Rebekah Vardy was writing a column for The Sun throughout the tournament, and had, Mr Rooney said, taken to video-calling Jamie Vardy in the players’ hotel with such regularity that “she was almost in the team” – a situation that had become so suboptimal that the manager, Roy Hodgson, asked Wayne to have a word with Jamie about it.

It’s hard to overstate how much this kind of thing will have annoyed England’s overlords. By way of context, I happened to spend a little while covering the England football team during the Hodgson years, which were not the most tranquil of times for any of those concerned.

England staff would routinely have to search the toilets of major tournament stadiums at the end of open training sessions, as reporters would occasionally hide in them to try to catch a glimpse of the closed training session that came after, from which the starting XI for the next match could often be gleaned.

At England’s impossibly glamorous Rio de Janeiro base at the 2014 World Cup, it was quickly worked out that the training pitch could be seen from the Sugarloaf Mountain cable car. I happen to know for a fact that at least one pair of binoculars was purchased.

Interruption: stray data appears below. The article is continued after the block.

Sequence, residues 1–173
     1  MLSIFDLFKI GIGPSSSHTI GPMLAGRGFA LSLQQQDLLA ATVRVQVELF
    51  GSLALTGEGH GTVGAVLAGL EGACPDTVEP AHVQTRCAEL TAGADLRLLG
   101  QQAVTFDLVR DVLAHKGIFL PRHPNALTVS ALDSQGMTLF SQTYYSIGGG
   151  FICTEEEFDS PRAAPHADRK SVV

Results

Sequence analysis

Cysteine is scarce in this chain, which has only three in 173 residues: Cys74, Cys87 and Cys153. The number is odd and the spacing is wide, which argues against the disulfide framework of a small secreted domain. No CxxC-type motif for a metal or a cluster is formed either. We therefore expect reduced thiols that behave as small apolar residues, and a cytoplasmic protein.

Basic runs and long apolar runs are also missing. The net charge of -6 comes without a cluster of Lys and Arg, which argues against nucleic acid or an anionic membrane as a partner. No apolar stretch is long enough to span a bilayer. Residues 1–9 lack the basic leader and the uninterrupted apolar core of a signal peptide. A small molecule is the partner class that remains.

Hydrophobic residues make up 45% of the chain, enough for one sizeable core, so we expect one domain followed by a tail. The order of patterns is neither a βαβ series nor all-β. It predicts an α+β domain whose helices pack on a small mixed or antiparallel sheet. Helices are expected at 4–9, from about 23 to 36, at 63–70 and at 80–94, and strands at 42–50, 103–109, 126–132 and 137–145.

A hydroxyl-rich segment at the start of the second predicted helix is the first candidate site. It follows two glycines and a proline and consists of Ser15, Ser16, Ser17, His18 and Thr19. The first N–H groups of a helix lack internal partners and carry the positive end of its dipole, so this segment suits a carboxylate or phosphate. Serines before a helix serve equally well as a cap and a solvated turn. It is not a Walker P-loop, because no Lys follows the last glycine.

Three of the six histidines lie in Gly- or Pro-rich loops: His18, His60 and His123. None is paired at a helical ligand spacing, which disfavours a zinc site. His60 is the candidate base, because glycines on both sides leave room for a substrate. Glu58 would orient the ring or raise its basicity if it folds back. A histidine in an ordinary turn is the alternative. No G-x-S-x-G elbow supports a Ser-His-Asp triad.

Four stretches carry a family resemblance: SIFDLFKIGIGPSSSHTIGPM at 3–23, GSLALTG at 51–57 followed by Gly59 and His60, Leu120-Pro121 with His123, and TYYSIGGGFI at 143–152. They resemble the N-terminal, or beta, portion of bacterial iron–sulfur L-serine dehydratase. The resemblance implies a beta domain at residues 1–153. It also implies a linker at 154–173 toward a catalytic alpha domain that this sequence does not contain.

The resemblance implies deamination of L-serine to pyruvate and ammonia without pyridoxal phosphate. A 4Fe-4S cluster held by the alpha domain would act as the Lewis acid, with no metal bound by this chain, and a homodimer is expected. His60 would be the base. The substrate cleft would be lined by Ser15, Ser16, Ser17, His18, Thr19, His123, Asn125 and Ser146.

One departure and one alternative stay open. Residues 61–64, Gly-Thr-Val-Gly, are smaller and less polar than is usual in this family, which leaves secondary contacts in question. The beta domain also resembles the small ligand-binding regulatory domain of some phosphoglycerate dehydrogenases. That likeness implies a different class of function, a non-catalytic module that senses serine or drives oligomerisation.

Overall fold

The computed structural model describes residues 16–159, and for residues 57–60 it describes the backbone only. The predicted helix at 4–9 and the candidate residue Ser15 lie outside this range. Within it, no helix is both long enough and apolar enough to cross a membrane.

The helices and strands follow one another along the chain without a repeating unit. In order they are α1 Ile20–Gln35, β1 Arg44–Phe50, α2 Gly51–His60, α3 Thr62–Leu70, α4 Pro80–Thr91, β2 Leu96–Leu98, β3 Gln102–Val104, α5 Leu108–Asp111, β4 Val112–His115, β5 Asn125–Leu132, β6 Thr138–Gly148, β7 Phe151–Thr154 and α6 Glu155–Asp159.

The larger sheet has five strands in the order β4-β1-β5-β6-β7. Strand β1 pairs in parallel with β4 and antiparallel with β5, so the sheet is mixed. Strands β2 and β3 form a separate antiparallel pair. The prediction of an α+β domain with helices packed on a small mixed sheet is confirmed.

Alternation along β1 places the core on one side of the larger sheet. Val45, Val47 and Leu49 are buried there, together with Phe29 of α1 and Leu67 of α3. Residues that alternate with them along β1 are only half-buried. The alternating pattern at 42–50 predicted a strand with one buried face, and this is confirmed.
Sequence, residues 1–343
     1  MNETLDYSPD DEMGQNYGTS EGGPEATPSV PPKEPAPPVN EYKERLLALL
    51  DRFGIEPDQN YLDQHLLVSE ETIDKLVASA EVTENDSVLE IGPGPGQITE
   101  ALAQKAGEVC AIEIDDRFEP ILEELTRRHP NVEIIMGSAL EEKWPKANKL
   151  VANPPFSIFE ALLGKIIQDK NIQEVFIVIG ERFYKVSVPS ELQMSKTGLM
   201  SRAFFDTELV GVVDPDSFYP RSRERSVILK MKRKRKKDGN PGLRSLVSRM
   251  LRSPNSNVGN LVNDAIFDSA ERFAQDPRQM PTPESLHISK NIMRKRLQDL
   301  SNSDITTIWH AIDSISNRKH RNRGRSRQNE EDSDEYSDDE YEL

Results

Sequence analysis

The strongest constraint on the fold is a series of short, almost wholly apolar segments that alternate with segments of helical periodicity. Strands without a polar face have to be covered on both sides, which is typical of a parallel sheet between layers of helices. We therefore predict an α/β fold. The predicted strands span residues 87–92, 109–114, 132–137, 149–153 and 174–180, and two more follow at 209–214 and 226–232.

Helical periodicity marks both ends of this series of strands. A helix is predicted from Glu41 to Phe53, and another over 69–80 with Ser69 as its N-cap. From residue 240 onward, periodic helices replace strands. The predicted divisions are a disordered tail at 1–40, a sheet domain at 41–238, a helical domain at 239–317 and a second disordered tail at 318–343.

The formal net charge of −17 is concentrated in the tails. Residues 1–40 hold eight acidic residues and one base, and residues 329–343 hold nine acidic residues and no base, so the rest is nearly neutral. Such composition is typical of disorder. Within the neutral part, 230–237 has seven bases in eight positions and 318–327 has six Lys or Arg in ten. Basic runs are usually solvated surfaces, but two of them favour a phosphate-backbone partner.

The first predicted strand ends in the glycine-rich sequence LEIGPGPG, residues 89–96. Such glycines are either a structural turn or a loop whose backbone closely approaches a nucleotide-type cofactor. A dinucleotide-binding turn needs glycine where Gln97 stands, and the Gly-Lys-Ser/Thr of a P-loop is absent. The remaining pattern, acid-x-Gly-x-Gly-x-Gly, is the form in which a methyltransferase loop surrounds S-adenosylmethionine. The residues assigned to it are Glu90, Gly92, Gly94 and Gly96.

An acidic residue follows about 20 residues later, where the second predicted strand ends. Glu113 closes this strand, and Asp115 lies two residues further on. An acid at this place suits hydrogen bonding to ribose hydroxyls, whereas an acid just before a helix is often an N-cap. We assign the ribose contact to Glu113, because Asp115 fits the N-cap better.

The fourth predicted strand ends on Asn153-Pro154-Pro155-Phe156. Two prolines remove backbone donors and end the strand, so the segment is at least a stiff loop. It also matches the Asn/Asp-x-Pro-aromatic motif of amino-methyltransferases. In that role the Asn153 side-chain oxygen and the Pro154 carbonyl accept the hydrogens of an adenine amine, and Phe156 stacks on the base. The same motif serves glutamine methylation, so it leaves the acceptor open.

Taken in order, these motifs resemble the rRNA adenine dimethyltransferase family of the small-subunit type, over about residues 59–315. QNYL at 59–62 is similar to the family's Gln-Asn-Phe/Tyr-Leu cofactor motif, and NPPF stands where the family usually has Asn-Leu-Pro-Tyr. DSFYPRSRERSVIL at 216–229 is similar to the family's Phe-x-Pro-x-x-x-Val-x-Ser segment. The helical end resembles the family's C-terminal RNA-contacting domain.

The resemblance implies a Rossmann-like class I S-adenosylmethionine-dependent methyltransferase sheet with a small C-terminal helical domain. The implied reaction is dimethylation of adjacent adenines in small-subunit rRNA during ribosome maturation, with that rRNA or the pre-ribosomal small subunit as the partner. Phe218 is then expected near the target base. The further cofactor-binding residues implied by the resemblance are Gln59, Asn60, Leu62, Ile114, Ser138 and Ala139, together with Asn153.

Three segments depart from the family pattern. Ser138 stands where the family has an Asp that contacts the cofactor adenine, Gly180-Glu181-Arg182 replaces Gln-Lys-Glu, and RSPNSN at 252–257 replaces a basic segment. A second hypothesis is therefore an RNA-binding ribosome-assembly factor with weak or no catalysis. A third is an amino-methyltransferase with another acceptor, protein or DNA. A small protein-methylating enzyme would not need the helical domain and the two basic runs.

In the midst of this febrile atmosphere, a Sun columnist – Rebekah Vardy – was, in the words of England’s captain, “almost in the team”.

The implication, clearly, is that Vardy was constantly FaceTiming her husband in order to glean information for her column. She has claimed in her witness statement that Jamie Vardy said that the “word” that Wayne was asked to have with him never happened – a point that was put to Mr Rooney by Vardy’s barrister, Hugh Tomlinson.

“I’m sitting here under oath,” said Wayne. “And I’m telling you 100 per cent that it happened.”

At one point, Tomlinson also wanted to know why, if Coleen was so upset, Wayne hadn’t texted Jamie Vardy so that the two of them could sort out their wives’ Instagram-based issues before it all got out of hand. Mr Rooney told him that the two men were not friends, adding: “My wife is an independent woman.” An independent woman who doesn’t need her husband sorting her problems out for her (not when a libel trial in an open court will do instead).

Ten yards away, his former England teammate, Jamie Vardy, was making his first appearance in court since the start of the trial. It’s not clear why he chose to attend today, of all days. If it was to attempt to throw shade over Wayne’s testimony, then as a point of fact he kind of forgot to do it, instead electing to stare straight ahead of him, as appears to be the way.